Exploring Vocation Through Research on Latino Critical Race Theory
Jose Garcia ’19 has been awarded a SOPHIA Community Engagement Grant to conduct interdisciplinary research on issues affecting Latinos in the United States. Garcia will travel to Los Angeles, CA; Tucson, AZ; and Orlando, FL to obtain a deeper understanding of Latino Critical Race Theory.
According to the UCLA School of Public Affairs, Critical Race Theory (CRT) “provides a critical analysis of race and racism from a legal point of view” and “recognizes that racism is engrained in the fabric and system of the American society,” a society in which white privilege reigns and people or color are often marginalized. Garcia will focus on how CRT plays a role in the lives of Latinos and Latinas, why, according to Garcia, many never leave their neighborhoods.
In conducting his research, Garcia will include a variety of perspectives to discover the answers to question such as:
- Do Latinos self-preserve themselves from discrimination or do they self-segregate?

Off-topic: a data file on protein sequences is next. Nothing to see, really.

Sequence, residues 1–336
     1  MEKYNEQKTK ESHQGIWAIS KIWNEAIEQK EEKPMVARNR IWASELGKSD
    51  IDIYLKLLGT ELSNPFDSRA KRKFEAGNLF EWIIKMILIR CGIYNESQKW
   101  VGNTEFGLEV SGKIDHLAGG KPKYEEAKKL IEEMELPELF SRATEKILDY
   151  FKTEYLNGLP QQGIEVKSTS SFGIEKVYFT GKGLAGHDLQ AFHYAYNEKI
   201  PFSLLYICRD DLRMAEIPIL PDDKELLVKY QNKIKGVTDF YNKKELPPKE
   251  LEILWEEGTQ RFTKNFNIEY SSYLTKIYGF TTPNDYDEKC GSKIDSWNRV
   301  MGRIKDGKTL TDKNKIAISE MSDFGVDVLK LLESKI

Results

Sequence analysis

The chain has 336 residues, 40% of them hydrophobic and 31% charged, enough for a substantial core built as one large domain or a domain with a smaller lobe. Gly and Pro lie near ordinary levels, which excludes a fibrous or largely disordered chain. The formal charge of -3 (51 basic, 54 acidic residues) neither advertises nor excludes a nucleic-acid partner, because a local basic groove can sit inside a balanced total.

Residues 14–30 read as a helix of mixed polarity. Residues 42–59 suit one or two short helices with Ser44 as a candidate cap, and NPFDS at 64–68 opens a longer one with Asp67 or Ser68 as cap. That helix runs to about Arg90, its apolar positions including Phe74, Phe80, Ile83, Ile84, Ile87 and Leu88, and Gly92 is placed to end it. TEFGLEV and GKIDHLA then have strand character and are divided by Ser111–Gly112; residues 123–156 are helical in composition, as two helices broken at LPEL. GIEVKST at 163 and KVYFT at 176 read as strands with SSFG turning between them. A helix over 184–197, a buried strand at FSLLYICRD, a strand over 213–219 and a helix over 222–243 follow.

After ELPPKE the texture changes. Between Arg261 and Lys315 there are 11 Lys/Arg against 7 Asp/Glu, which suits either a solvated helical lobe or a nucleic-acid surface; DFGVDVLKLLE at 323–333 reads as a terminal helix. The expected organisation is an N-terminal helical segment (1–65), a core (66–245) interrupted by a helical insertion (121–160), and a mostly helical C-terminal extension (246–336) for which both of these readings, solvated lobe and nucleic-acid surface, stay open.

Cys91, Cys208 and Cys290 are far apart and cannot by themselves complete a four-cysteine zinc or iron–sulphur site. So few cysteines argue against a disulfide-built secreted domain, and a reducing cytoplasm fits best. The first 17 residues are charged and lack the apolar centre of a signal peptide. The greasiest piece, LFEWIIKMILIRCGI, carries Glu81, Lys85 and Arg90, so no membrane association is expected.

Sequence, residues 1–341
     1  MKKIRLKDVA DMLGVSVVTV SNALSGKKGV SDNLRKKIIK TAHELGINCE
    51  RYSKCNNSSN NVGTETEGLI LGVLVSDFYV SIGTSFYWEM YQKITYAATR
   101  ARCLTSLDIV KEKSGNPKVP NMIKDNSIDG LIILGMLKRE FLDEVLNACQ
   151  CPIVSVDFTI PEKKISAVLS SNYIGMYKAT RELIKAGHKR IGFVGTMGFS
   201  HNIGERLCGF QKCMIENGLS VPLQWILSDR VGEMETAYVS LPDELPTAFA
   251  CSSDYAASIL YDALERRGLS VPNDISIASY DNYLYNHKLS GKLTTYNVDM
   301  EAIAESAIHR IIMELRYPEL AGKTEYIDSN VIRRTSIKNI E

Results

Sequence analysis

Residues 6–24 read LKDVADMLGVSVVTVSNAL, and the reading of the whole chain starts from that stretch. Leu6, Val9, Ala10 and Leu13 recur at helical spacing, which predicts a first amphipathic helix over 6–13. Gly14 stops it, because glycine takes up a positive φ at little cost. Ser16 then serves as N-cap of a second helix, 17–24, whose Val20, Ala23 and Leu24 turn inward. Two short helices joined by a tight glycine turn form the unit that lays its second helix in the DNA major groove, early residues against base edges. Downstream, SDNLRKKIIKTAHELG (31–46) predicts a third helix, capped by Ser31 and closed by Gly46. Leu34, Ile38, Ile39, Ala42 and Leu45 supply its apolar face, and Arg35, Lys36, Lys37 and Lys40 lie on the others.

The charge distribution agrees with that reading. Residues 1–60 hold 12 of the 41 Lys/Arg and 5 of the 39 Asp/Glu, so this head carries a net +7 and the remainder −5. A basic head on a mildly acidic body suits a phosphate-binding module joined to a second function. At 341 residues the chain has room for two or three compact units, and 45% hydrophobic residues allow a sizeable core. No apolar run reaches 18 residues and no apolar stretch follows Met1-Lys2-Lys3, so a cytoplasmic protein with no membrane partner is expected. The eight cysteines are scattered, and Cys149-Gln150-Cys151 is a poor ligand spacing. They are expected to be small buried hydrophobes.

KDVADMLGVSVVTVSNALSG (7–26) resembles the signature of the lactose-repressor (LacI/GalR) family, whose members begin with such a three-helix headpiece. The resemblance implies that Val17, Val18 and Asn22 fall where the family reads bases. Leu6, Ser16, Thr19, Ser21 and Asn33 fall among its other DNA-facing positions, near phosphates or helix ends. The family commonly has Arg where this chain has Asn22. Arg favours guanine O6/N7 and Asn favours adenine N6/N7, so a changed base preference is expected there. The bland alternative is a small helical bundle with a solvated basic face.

- What has caused Latinos to not advance further in key social, economic, and political areas in the United States?
- Is there still discrimination against Latinos in the United States?
The grant as made possible by the College’s High-Impact Summer Grant Program through SOPHIA (SOPHomore Initiative at Assumption)--one of many Assumption programs created to reflect the College’s mission to form graduates known for critical intelligence, thoughtful citizenship, and compassionate service.
“Through SOPHIA, I found that my vocation and calling in life is to go back to my community and help other young Latinos find a better living then where they are currently at,” Garcia shared in his grant application. “This research is important to me because it will help me lay a background on why Latinos/ Latinas have not been able to leave the barrios. This is a personal motivation and a driving force to figure out the results.”
The SOPHIA grants support student pursuits in three categories: community engagement, faith, and life of the mind. Recipients can discover a deeper connection between their spiritual and religious commitments and their personal and professional lives, in terms of vocation. SOPHIA fosters a culture of vocational exploration at Assumption and helps students discern and choose lives of meaning. During the academic year, students enrolled in SOPHIA are encouraged to apply for the summer grants, which are funded by the Council of Independent Colleges and the Lily Foundation.
Kimberly Dunbar, Director of Public Affairs, Assumption College